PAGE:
School board eliminates tax increase
The school board is backing off its plan to raise taxes.
At a special meeting Tuesday night, the board unanimously approved a budget proposal with no tax increase.
The board did not subtract any expenditures in order to make up the $400,000 it would have made with an additional mill of taxes as proposed last month.
After hearing during the finance committee meeting that the district could safety delay payment of $400,000 into a retirement health insurance benefit, board members initially discussed reducing the proposed one-mill increase to half-a-mill.
That idea was brought up by administrators.
“Administration is definitely not recommending the 1.826 mill increase” that is the maximum allowable at this point under state rules, Director of Business Services Jim Grosch said. “We are also not recommending a zero tax increase. We would recommend a half-mill increase.”
“I know as a board we’re reluctant to raise taxes,” Board President Donna Zariczny said. “But, we also know we need to do our due diligence in that regard. A half-mill… I would be in favor of moving in that direction.”
“I thought we were going to have to do a mill,” board member Marcy Morgan said. “Being able to reduce that by half feels good to me.”
The board planned to expend almost a million dollars of its dedicated fund balance.
That would leave about $800,000 that could be covered by the uncommitted fund balance.
“I’m not in favor of any millage (increase) until we maximize the cuts,” board member Joe Colosimo said.
He brought up an item on the possible cuts list that board members indicated a willingness to cut — a central office administration position.
“We’re telling our constituents, ‘yeah, we gotta raise taxes, even though two thirds of the board are willing to cut a position,'” Colosimo said.
“If we take your way of doing it, there are other things that fit the same parameter that are still on the cut list,” board member Arthur Stewart said, pointing to an item that would delay new secondary English textbooks. “The budget is what we make it to be in a motion. If you want a budget that doesn’t include that central office position in it, make a motion.”
That possibility did not make it to a motion.
Superintendent Amy Stewart defended the district’s need for the position at length.
She said the position’s “value to the district… to the students of this district” mean it “is not the place to take this amount of money at this time.”
The position was created for the 2016-2017 school year, because “we were tired of not making any headway in instruction.”
Board member Jeff Labesky asked about the possibility of cutting half of an item — the athletic transportation line item. “What would we lose?”
“We would lose some of our runs,” Coordinator of County-Wide Athletics Rick Gignac said.
“There is a means for kids to get to the game,” Labesky said.
Director of Administrative Support Services Gary Weber said dropping the district from liability for transportation was one option not available to the district. “We had kids driving themselves to games,” he said. “I can’t police that if we’re not accepting any liability. That did not seem prudent.”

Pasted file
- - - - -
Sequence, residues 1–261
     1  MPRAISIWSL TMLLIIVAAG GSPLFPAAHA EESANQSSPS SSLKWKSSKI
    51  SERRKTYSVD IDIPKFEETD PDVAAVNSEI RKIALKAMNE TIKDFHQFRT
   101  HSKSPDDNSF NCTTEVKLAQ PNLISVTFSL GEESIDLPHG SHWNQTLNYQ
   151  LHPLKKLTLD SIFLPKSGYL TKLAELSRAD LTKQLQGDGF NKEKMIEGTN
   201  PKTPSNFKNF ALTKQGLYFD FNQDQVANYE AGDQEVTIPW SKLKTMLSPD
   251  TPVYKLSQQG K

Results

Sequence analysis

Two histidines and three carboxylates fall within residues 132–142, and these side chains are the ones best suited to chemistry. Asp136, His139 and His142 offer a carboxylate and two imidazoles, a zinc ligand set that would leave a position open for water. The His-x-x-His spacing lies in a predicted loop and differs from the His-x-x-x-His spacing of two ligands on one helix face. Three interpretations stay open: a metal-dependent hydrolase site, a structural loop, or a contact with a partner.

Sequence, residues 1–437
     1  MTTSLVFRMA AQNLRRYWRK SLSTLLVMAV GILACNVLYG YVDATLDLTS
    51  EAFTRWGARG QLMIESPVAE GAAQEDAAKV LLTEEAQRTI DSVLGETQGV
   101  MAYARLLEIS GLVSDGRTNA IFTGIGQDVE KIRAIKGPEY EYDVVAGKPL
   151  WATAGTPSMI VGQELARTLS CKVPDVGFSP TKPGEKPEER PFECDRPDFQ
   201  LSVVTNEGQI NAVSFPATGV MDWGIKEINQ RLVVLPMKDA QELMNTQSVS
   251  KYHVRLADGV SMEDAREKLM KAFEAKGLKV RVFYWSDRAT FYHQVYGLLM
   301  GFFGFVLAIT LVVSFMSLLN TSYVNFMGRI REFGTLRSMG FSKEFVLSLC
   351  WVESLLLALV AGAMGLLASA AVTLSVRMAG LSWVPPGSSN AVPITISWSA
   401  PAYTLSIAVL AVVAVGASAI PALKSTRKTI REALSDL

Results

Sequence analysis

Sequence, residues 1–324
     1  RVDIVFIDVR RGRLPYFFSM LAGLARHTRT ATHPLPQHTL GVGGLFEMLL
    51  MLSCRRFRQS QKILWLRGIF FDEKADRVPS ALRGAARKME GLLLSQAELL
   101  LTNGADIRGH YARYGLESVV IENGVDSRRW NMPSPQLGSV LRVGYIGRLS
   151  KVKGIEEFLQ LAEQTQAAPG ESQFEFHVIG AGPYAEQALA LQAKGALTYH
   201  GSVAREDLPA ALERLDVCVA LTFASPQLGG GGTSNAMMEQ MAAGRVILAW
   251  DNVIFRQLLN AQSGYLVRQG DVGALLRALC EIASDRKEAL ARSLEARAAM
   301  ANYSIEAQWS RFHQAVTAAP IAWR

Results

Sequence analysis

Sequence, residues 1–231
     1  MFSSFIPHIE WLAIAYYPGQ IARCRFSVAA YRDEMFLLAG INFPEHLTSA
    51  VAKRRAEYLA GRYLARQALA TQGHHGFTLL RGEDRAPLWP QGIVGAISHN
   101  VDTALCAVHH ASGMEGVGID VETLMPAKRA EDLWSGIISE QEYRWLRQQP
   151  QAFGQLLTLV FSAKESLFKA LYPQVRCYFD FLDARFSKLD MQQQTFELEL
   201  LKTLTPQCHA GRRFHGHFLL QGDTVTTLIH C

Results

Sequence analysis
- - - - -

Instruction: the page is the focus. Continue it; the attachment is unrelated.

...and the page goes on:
“I’m not proposing letting students drive themselves,” he said. “Maybe we need to explore maybe purchasing some vans.”
A cut to the athletic transportation budget, and another suggestion to reduce “non-essential supplementals,” did not gain any traction.
But, despite not reducing the expenditures, the board did eliminate the proposed tax increase.
“I’m tired of cutting things and there are things that we still haven’t fully re-funded after 10 years,” Arthur Stewart said. “We have given the state a free pass. Our net state funding is down if you factor in our pensions.”
“We have given the state a free pass,” he said. “We’ve raised taxes enough times. I would favor a zero-mill tax increase and I would favor not cutting one thing.”
Students who would like to participate in sports or band in the fall have to sign up online.
The registration period opens Saturday, June 1 and runs through Monday, July 8.
“We don’t want anybody struggling out there,” Amy Stewart said. “We’re doing the best we can to advertise the new program.”
Signs are posted at each of the buildings with regard to the athletic programs and bands.
Some administrators and board members carry cards that contain the pertinent information – deadlines, website, phone number – for signing up.
Administrators and board members are aware of concerns that not every family has access to a computer or internet at home.
“There is always the library,” Morgan said. “Or they can come to a school building.”
Weber said the registration process can be handled on a smart phone.
The board went through an unusual step at Tuesday’s special meeting, approving a customs power of attorney agreement.
Because the recycled steel dragon commissioned by student council as a gift to Warren Area High School is coming from overseas, the district will have to sign for its importation.